$350 XSS in 15 minutes

Bug Bounty Writeup: How I Found XSS in 15 Minutes

Hello 👋

This is my first and last Bug Bounty Writeup this year 😀

I am sharing with you my latest XSS finding, which I’ve found 2 weeks ago.

This was the fastest and a bit unusual flow that I normally do when I search for XSS.

So let’s dive in…

  • Company asked me to retest an old XSS report.

  • I’ve checked that XSS and confirmed that it was fixed properly.

  • The specific endpoint had name a param that was vulnerable to Reflected XSS injection.

example.com/profile?name=<img+src=1+onerror=alert(1337)>
  • I’ve started to search for a bypass and used the Search function in Chrome Developer tools to search this endpoint /profile in all JS files to check for another vulnerable param, but found another endpoint:
example.com/services
  • The first idea that came to my mind was to put this URL in the google search engine and see if this endpoint was cached somewhere on the google web space with params.

  • After the first try, I found a cached endpoint with params on the first page of the results, the endpoint had ID param and some other params.

example.com/services?id=123&page=Demo
  • I’ve added my payload qwe'"<X</ to the ID param and started to check if anything is reflected somewhere on the webpage’s source code.
example.com/services?id=123qwe'"<X</
  • Besides that, I’ve opened the Network tab in Chrome Developer tools to check all requests that this endpoint might send somewhere.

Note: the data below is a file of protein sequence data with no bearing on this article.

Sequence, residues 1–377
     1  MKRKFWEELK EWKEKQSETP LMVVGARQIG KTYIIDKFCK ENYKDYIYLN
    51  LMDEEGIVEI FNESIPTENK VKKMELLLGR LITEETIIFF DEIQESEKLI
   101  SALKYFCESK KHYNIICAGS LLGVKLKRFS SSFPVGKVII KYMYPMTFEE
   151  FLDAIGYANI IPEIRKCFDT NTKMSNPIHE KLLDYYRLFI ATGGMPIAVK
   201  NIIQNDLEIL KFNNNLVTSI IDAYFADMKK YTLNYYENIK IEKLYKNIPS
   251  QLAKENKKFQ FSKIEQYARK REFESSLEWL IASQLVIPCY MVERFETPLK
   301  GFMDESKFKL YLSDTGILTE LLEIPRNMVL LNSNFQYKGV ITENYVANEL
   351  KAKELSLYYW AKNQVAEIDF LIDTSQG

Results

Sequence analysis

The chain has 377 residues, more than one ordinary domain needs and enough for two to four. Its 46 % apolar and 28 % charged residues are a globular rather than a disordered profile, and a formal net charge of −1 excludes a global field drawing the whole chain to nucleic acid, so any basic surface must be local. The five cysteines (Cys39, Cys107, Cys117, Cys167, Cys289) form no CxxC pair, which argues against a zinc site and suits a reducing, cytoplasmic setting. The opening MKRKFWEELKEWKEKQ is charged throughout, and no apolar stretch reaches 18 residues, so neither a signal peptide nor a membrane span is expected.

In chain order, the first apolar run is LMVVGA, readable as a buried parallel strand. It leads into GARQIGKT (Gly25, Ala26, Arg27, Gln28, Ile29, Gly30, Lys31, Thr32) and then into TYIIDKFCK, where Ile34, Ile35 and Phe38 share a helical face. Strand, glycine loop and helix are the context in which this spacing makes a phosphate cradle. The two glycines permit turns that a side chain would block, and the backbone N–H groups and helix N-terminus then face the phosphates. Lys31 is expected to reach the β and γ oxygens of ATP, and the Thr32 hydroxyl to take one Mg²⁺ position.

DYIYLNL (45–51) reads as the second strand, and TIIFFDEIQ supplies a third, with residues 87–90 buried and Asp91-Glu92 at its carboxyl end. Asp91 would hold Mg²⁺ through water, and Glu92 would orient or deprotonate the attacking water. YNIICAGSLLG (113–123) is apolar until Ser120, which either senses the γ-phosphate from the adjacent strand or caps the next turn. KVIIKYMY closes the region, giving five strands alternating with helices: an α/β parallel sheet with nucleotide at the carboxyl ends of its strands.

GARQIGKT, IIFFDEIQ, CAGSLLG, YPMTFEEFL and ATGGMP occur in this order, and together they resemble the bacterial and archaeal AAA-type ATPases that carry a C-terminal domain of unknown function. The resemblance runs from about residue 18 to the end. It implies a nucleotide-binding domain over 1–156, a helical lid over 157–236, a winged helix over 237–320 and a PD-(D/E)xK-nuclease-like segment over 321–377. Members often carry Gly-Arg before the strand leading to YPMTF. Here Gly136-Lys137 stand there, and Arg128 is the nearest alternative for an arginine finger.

• After the second refresh of the page, I found an interesting AJAX request that used the JSONP callback param together with the ID param from the endpoint itself. The AJAX request URL was similar to this:

lib.com/find?id=123qwe&jsonp=cb12
  • The first thing that I tested was the JSONP param itself, to see if I can change it to an alert function with a custom parameter

  • To my surprise, there was no check for JSONP value, so I easily changed it to alert(1337);

  • Now it was time to check the ID param once again and see if it accepts other symbols, for example, % sign to craft an encoded payload in order to add custom parameters to AJAX URL.

  • I’ve changed the endpoint URL to

example.com/services?id=1%26jsonp=alert(1337);%23
  • When JS processed it, it transformed %26 to & and %23 to #. Everything that is behind the # (hashtag) symbol is ignored by the browser. The final AJAX call looked like this:
lib.com/find?id=1&jsonp=alert(1337);#&jsonp=cb12
  • Using this AJAX URL manipulation (parameter pollution attack) I have successfully triggered an alert box with text 1337. This confirmed the DOM XSS vulnerability existence and I have received a $350 bounty, with an additional $50 for a retest of an old report.

Thanks for reading!


P.S. I’m working on a book for beginners in Bug Bounty world. This book will include Networking, HTML & JavaScript basics, a short description of widespread vulnerabilities, and an in-depth analysis of XSS vulnerability with examples, tips, tools, and tricks. At the end of the book, I will teach you how to create and deploy your own NodeJS service for testing Blind-XSS / SSRF vulnerabilities.

P.S.S. Stay tuned for updates and don’t forget to subscribe at least somewhere so you won’t miss any info regarding the book.


Happy Holidays & Happy New Year! 🎄


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Anton (therceman)